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Baroness Hanham: It might, but it might not. I shall be very quick; I can see the Minister looking impatient with me already. In the European elections the principal local authority will probably be relevant, but everyone will have voted. Whether the councils are town, county or parish councils, everyone will have voted in the European elections. They may not absolutely have had a role in organising them, but they will have a view on how they have gone. In the running of local elections, how the pilot works is still important. In that instance, I agree that the relevant council may not be the parish council but more the principal one. However, all local authorities will have something to say.

Lord Evans of Temple Guiting: I hope that I can manage to convince the noble Baroness to withdraw her amendment. I am grateful to the noble Lord, Lord Rennard, for his very helpful contribution, in which he anticipated a good part of my reply. This group of amendments increases the obligation on the Electoral Commission regarding its report on the pilot. It seeks to oblige the commission to consult all local authorities. If I work through each amendment separately, our position will become clear.

Amendment No. 31 seeks to remove the Electoral Commission's ability to make a judgment about which local authorities it consults by removing "such relevant" and replacing it with "all", as we have heard. On the face of it, it could seem that the commission could avoid consulting authorities that it did not deem relevant. However, the word "relevant" is a link to Clause 9, which deals with interpretation of the terms used. In Clause 9 "relevant local authority" is defined in terms of local authorities—both parish and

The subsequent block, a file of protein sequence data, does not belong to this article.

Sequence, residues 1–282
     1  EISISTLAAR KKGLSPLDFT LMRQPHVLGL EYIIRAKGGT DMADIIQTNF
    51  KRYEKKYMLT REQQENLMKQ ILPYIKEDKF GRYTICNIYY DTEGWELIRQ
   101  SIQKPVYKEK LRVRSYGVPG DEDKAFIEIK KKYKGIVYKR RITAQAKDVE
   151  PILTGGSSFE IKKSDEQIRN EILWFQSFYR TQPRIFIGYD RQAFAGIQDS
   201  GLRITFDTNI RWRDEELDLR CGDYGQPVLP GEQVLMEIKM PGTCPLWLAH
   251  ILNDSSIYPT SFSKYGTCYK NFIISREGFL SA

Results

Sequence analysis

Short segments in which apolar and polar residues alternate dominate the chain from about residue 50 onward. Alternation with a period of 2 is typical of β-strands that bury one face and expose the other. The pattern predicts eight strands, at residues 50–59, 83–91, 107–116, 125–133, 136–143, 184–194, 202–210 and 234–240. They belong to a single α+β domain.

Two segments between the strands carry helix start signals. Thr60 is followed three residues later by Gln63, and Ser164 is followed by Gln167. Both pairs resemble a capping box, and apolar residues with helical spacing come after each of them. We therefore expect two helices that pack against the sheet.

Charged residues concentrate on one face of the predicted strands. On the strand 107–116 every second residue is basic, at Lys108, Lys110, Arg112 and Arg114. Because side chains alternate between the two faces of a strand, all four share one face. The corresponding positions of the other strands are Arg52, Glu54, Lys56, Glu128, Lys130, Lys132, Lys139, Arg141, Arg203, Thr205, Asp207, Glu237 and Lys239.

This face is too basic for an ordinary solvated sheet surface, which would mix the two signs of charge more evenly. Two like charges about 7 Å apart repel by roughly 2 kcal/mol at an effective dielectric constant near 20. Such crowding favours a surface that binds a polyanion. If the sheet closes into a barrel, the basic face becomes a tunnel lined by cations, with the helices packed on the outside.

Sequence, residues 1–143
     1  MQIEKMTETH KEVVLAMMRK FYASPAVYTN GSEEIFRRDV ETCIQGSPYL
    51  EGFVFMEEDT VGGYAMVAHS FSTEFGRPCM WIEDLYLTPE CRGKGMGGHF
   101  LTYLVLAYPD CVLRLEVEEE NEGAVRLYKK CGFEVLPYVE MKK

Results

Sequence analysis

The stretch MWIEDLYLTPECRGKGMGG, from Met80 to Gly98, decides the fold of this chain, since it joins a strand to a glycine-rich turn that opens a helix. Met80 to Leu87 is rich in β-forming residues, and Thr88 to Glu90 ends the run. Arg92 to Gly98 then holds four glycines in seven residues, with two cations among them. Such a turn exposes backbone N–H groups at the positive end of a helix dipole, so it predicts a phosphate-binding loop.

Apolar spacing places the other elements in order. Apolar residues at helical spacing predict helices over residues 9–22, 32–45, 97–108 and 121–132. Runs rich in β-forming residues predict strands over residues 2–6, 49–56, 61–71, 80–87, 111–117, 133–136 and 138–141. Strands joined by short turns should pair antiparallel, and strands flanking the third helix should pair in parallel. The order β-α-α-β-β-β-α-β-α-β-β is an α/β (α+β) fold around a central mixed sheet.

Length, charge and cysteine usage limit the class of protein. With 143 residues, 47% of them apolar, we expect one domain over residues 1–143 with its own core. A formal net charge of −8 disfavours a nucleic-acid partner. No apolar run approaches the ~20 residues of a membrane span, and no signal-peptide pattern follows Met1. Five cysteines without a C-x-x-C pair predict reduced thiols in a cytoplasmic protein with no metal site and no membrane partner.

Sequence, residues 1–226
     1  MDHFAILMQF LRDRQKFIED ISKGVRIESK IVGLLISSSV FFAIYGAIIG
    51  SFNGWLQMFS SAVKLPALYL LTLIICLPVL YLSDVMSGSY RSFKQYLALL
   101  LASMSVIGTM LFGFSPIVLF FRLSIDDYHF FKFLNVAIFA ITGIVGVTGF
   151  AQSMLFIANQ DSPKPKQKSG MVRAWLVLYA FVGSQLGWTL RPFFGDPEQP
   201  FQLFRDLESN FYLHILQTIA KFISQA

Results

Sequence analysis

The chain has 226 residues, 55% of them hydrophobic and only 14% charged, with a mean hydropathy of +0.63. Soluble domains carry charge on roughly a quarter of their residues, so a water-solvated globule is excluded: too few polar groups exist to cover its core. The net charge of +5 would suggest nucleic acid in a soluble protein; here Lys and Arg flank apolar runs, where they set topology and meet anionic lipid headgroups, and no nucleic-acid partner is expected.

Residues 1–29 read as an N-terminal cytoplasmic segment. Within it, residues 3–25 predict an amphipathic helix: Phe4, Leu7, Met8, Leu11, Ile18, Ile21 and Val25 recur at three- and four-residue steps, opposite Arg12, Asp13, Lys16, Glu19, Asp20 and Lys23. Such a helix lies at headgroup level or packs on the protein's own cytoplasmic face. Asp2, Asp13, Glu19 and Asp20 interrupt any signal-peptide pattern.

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principal area authorities—which would have local authority elections under the orders. So no discretion is given to the commission here about what is a relevant local authority.

Similarly, Amendment No. 34 seeks to remove the word "relevant", which applies to the obligation of local authorities to give the commission assistance in its evaluation. Again, that use of the word "relevant" needs to stay for the purposes of interpretation.

Amendment No. 33 adds a constraint to the commission, removing discretion about whom to consult. In this case there is no linkage with the interpretation clause, Clause 9. However, we and the commission believe that the commission needs some discretion; otherwise it might have to consult every parish council holding elections. That would be very resource intensive—which I suspect is jargon for "expensive"—and add little to what it could achieve by consulting more selectively.

To give some idea of the numbers involved, 49 parish elections are to be held in the East Midlands region alone. I am sure that Members of the Committee with much experience of local government will understand that it is not fruitful to require the commission to undertake consultation that will not add anything to the report and could hinder the commission in completing its work in time.

The commission's officials have a great deal of experience in reporting on pilots and will, I am sure, ensure that they consult as necessary to produce a comprehensive and effective report. I am aware that they always seek to consult all returning officers, if possible, in any event. I think that this is something we can leave to their considered judgment without imposing constraints. For those reasons, I hope that the noble Baroness, Lady Hanham, will withdraw her amendment.

Lord Norton of Louth: Perhaps I can intervene to suggest a compromise on wording, and we can see how it goes with the Minister and with my noble friend in the light of the comments of the noble Lord, Lord Rennard. What if it were to read: "The Electoral Commission must consult principal authorities and such other relevant authorities in the region as they consider appropriate"?

Lord Evans of Temple Guiting: We would be more than happy to consider that very constructive suggestion.

Baroness Hanham: I said yesterday in speaking to the planning Bill that I would quit while I was winning. After this perhaps I should say that I should quit doing anything. The Bill needs to contain further provision. If my noble friend's suggestion satisfies that need, we will not return to it; if it does not, we will. I beg leave to withdraw the amendment.

Amendment, by leave, withdrawn.

[Amendments Nos. 33 and 34 not moved.]

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Earl Attlee moved Amendment No. 36: